…and the feedback there was so positive that I have decided to ramp up my level of investigation.
As always, our Finnish friends struck me as pretty « aware » regarding the key role of rapid and responsive organizational design. Both the CEOs and other business leaders we met and the researchers (both at TSE & Abo Akademi) and consultants at the PBI.
So that I started (what Svetlana might call) a flash reading programme on the plane back.
Here is one extract from the wonderful Jay Galbraith’s recent article on « the multi dimensional and reconfigurable organization »…
“… many companies today are trying to pursue strategies that far exceed the capabilities of their organizations… …companies are pursuing third generation strategies using second generation organizations that are staffed with first generation human resources… We need to invest in and develop the capabilities of our people and organizations before we can master today’s complex global economy.”
Here, in this short video interview of Ilkka Paananen, CEO and co-founder of Supercell, which our friend Matti showed us last week, we hear about a nice example of flat, liberated, organizational design.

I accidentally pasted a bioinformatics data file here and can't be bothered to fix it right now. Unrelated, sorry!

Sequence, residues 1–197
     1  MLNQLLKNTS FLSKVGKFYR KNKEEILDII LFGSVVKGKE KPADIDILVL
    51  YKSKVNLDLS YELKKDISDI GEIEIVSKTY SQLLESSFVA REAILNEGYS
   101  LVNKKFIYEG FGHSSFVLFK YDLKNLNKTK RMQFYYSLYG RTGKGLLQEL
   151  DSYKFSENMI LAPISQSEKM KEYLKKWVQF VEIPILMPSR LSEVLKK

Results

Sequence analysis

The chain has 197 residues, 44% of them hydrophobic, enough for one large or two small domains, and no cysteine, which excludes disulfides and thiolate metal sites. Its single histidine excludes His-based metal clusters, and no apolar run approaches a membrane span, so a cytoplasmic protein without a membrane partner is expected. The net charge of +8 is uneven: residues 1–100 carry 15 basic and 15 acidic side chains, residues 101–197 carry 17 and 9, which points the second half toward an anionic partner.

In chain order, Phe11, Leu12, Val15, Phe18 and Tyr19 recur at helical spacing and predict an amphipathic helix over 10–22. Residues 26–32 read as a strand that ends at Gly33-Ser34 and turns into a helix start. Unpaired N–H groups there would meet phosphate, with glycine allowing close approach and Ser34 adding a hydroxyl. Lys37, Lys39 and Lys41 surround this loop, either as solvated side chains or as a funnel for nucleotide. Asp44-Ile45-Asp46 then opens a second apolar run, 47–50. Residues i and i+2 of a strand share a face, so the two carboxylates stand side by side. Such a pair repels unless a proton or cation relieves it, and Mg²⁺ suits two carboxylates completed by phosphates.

« The whole idea is that we’ve organized the company to be like ‘independent’ cells, or teams as other people would call them, and these are very independent units and really the goal is to have these like quite small teams – so teams from say 5 to maximum 15 people or so – and then to kind of give them the independence and responsibility to focus on developing the game. So, just as I said, to create the best possible environment for these guys to do so »
« …there is very little process. I mean that’s like one of the foundations the company has been built on. So we wanted to like remove as much of the process as possible and have as little rules as possible. As little management as possible. You know, trust people and trust their common sense and give them that responsibility. But, you know, so the very little process we have is very simple. So, we get a group of people together; we work on something for a few monthys and then we release what’s known as as the company playable and then what that means is that everybody at Supercell will have the chance to play that game. We gather feedback and depending on how the feedback goes we will continue with the development or just kill the game there and then…start to work on something new. »
51% of Supercell, which has about 100 employees, was sold in 2013 for around 2 billion $. Inceidentally, that same year, Nokia’s mobile phone business was sold to Microsoft for just over double that price.
Maybe with a whole lot of middle management (like Ian, Henry, John and I saw at the French games company Infogrames in Lyon, when we did the ITMP programme there in 2002) there would have been more employees at Supercell but also less value…